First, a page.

Author, Consultant, Executive Coach - Helping people and organizations grow into desired results

Sunday, 15 November 2009

Apprentice week 7 analysis, RWA: Authentic Emotional Intelligence

Summary: Today's post reviews episode 7 of The Apprentice Australia and offers a Real-World Application (RWA) in building Authentic Emotional Intelligence.

Question: Does your organization currently use an Emotional Intelligence framework to help people increase their EQ and people skills? Read below to find out more about Authentic Emotional Intelligence and how to get the most from your investment to develop the EQ of your team - and yourself!

Review of episode 7: The art exhibition

In this episode's task of selling artworks at exhibition, all-girls Team Eventus dealt all-boys Team Pinnacle a resounding defeat with sales totalling $30,130 against just $5,300. Tactically, the wise use of artist's own client list helped Eventus to victory, while Pinnacle's over-analysis and commodification of the art they were selling badly undermined their efforts.

In the Boardroom specific mention was also made that the girls managed to connect emotionally with their chosen artists, while the "just the facts" approach used by the boys failed to develop the needed rapport and relationship. The "soft stuff" had a real bottom-line impact on Pinnacle's choice of artists and ability to sell convincingly to buyers - both of which were decisive drawbacks. Unable to connect and form real relationships, Pinnacle failed to produce the required results.

Failure to connect

was squarely in the firing line this week, but had Eventus not won the challenge then Sabrina would have been in the crosshairs, not just as project lead but due to her lack of results. These two individuals share many characteristics - which Sabrina had previously expressed during the pie challenge as "Gavin gets me and I get Gavin" - and these are the very reasons they are now both in danger.

In the art sales challenge Gavin was shown several times saying "selling art is essentially the same as selling cars," which revealed a lack of understanding of his product and was the basis for the disastrous "businesslike" approach to the artists that cost Pinnacle the victory. We've seen this lack of good judgement before, when Gavin chose the performers for the dance show at the Mudgee Pub Night that decidedly underwhelmed the audience.

Meanwhile Sabrina's focus in the art challenge appeared to be on being liked, not on making sales. She seemed to be bluffing her way through and was smiling a lot but remarked herself at the exhibition that it was "two hours in I've not sold anything!" Her performance both as project lead and team member was criticized as indecisive by Mary-Anne who remarked, "I'd like to wipe that phoney smile off her face."

We've seen dramas with Sabrina's behaviour and decision-making in the past as well. Doubtless in her role as Miss Australia she's become highly adept at performing before cameras and speaking with assurance. Yet I'd suggest there's evidence to show she's better in the role of figurehead than action hero. This week, hers was a stellar performance (in the theatrical sense) but one with little substance to show for it, that is, performance in the tangible results sense.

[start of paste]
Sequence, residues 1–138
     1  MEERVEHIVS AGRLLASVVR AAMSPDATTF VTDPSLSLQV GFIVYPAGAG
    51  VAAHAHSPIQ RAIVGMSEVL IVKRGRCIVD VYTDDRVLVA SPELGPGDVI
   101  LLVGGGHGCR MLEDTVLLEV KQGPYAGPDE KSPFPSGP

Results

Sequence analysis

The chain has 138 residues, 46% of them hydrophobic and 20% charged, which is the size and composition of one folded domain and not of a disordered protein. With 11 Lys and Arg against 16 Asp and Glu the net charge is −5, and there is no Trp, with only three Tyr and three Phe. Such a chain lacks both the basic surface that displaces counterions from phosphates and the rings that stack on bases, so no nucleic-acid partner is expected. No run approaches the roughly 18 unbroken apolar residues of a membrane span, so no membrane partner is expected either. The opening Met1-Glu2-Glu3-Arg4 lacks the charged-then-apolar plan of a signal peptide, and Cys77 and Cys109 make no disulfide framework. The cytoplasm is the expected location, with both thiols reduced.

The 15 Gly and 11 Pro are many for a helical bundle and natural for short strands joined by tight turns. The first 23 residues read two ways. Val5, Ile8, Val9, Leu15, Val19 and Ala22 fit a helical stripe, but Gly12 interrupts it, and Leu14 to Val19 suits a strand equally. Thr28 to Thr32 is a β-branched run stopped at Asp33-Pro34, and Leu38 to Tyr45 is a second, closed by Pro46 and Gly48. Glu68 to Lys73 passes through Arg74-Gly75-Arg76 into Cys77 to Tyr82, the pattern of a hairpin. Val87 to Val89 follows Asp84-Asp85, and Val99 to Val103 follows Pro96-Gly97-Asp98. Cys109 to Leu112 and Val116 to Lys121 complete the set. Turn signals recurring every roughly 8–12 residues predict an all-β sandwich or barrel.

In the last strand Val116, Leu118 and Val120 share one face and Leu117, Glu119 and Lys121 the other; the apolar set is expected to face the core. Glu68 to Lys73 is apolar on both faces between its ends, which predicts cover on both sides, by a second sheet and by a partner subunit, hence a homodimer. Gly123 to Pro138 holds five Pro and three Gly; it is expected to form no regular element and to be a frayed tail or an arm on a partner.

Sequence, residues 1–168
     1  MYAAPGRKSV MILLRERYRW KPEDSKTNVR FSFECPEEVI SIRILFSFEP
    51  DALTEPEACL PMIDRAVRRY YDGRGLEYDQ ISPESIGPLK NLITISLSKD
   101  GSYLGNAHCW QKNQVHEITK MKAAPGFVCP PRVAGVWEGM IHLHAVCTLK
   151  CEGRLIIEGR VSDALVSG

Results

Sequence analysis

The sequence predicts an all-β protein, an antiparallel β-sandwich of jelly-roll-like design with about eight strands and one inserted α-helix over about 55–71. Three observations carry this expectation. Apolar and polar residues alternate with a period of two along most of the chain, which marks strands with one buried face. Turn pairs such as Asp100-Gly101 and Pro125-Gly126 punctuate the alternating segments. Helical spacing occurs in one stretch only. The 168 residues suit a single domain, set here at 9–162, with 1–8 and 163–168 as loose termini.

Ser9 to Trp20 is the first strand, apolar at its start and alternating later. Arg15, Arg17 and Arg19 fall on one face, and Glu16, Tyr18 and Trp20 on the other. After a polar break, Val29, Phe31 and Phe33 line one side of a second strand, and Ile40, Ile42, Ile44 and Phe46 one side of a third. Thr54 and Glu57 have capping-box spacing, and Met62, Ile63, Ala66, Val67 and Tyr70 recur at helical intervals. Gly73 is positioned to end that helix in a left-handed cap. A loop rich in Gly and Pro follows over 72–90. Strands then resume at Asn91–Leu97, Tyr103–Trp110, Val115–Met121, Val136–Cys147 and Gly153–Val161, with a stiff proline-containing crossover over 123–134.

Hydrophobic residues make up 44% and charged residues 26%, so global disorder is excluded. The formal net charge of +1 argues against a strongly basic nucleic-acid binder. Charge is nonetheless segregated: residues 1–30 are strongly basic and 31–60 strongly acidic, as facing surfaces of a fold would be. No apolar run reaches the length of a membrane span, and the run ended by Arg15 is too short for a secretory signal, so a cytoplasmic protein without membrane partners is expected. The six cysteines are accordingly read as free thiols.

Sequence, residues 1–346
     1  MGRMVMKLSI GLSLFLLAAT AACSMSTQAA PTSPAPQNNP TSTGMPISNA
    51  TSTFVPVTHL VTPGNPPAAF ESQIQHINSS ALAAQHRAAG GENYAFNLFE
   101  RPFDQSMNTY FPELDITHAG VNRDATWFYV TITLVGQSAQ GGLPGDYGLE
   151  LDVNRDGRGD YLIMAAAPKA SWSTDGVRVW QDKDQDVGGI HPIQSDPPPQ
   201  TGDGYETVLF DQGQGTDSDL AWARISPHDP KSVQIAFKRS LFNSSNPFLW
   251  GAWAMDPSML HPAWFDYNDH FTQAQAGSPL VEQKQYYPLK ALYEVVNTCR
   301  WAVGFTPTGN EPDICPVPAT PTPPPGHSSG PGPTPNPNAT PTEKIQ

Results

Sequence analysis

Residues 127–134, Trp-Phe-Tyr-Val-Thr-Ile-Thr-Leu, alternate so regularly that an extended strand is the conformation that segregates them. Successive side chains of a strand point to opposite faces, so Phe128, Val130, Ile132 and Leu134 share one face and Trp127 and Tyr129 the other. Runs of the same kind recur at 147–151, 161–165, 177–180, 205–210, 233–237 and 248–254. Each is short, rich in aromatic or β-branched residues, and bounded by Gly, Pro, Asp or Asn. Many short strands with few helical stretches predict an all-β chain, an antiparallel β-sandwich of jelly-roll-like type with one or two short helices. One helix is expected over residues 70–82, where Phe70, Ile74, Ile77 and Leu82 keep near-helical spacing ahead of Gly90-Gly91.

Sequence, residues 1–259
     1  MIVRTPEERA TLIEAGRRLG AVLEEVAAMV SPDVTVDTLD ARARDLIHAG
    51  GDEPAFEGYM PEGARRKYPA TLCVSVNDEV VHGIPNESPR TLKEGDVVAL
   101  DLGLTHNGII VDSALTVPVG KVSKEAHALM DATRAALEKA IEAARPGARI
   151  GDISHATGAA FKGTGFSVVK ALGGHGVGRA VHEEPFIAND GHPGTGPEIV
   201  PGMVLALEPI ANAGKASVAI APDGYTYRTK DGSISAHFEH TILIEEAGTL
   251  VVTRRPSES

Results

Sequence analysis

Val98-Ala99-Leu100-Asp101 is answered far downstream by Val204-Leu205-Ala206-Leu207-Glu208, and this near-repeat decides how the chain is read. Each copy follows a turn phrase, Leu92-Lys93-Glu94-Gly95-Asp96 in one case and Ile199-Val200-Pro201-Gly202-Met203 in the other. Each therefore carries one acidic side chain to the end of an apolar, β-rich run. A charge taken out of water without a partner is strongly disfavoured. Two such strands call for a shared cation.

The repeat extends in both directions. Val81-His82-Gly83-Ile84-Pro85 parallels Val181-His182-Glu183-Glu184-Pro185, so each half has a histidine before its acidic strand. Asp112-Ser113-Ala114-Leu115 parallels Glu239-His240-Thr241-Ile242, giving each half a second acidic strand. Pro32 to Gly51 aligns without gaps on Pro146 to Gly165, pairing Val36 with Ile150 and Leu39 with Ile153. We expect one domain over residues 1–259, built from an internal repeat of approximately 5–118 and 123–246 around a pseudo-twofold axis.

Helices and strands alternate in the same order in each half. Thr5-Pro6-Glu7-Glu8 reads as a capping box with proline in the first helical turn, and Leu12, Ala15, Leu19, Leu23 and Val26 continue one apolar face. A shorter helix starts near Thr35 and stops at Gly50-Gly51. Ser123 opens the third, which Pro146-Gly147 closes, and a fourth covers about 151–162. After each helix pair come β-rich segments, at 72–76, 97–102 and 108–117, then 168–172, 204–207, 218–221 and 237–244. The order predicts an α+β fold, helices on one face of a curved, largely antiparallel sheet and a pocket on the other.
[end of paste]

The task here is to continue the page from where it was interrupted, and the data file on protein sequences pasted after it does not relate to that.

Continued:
Recall as well during the hotel challenge when at checkout time she offered a hotel loyalty membership to a departing guest who was clearly still irate and whose concerns she'd manifestly failed to address with empty words, smiles and platitudes. This demonstrates a clear lack of ability to read and respond to another person's emotional state.

Both Gavin and Sabrina are very physically attractive, polite and well-spoken. They're both successful in their careers and intelligent (Sabrina makes specific mention of her high-IQ Mensa membership). Based on their facility for interacting and making an initial connection with people it would seem they also both possess a lot of Emotional Intelligence.

So what's going on here?

Emotional Intelligence

People who rise to the top of their field most often possess a combination of smarts, experience and emotional savvy, though it's often difficult to put a finger on this last bit.

I think Emotional Intelligence passes a fundamental requirement for being a "useful theory": it lays an interpretive framework over our experiences to neatly capture what we've all seen happen in the real world. What's more, we can employ the structure this framework provides to take action and change both our circumstances and behaviours.

There's a saying among executive recruiters and HR professionals: people are often "hired on experience, fired on personality."

Supporting this adage is a study of 500 managers on 3 continents, which found that despite their exceptional IQ scores and experience, unsuccessful managers lacked emotional intelligence.

In fact research by psychologist Daniel Goleman (author of Emotional Intelligence) discovered that emotional intelligence skills account for an astounding 90 percent of the success of senior leaders.